I've been having an emotional affair with a woman for a month.
She's been living with this man for two years, dated him for four, and she's unsure of what to do next.
Both of us know that we haven't been seeing each other long enough to warrant any permanent or reckless decisions about her relationship, but we don't want to lose each other. We talk everyday and email, but have kept the physical stuff out of the relationship thus far.
I'm not sure what we should do practically over the coming months while she thinks about her life. She's thinking about seeing a counsellor which I think is a good idea. Should we decide not to see each other?
My constant presence must be a distraction from her asking hard questions about her relationship. The longer I stay in fantasyland the harder it might be for her make those hard decisions.
- Wanting to get out of the wings...
She'd be taking an important step by seeking counselling immediately. She needs to find out what's missing in her current relationship, that allowed her to turn to another; she also needs to probe what it was that drew her and kept her in that relationship. Only then can she determine whether she sees you as an escape, or whether she's found in you what she really wants for now and the future.
You can use this time wisely, too. Think through whether part of your attraction to her is that she's harder to attain; many people enter "fantasyland" for the romantic challenge of a love that needs to be fought for and won. If so, that isn't a good enough reason to pressure her into leaving a relationship she may still find worth keeping.
- Withdraw for awhile.
I'm married to a wonderful man who has two children from a previous marriage. We get the kids every other weekend and for two weeks in the summer.
My in-laws always complained that they weren't close to my husband's children - they blamed it on his ex-wife, who they said didn't like them and kept them from seeing the kids. So, when the kids were with us, I tried to improve things. I'd have the kids call my in-laws; I'd invite my in-laws for visits, and would make sure we all got together on special occasions.
Neither the kids nor my in-laws show any interest in talking on the phone to each other.
When my in-laws visit, they only want to talk with my husband and me, they don't do anything with their grandkids. They never invite us to their home with the kids - they specifically ask when we have them, and then invite us for a time when we don't. They also stay through lunch and dinner, even when only asked to lunch. If we have them over in the evening, they stay so late we have to ask them to leave. We see them often.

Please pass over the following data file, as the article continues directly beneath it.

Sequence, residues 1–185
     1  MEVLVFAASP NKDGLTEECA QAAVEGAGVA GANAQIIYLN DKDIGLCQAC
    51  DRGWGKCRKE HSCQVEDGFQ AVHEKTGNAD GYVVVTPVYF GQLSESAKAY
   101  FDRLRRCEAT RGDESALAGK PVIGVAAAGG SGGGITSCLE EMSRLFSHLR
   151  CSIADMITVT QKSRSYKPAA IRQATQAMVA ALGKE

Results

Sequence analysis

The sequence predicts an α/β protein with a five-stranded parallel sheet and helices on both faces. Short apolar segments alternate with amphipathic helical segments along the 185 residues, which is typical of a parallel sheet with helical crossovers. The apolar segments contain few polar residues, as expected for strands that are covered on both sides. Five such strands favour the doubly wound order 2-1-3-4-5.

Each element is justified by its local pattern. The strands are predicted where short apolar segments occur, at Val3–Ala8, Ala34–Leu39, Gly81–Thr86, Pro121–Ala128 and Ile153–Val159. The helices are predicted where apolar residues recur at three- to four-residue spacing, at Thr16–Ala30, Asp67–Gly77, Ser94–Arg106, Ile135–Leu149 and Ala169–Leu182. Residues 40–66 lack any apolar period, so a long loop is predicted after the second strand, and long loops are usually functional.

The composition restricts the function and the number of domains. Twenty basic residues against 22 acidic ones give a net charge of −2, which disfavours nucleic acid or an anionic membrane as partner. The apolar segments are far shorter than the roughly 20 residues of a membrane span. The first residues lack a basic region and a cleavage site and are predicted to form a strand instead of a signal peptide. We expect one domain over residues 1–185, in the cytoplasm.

So how do I get them to stop complaining to me about their lack of relationship with the kids? I feel guilty every time they say this, but nothing I've tried to do has improved their closeness.
Also, I don't know what else to do to keep a visit from being a 12-hour event.
Dump the guilt, this is your husband's job to repair. If he wants closeness between his kids and his parents, he has to help make their time together more interesting. He can arrange some outings together, and start a project like a family tree and history where the kids get to ask their grandparents questions about their background. You can participate, but stop feeling responsible for that relationship.
Also, set some limits. Be clear that an evening visit must end at a certain time, so you can get your sleep. Tell them they're invited for lunch but you two have other plans for dinner, etc.
Your in-laws sound lonely and set in their ways. Perhaps alerting them to some community programs they can attend on their own (or go with them once to get them started) will give them other outlets than hanging around your place.
About In-Laws: If you have an in-law problem in your family, you can get my personal help through my weekly TV show, Outlaw In-Laws, on Slice. See www.helpmyfamily.ca. for more information, and how to contact the show.
Tip of the day:
An emotional relationship may be the real thing, or an escape from reality.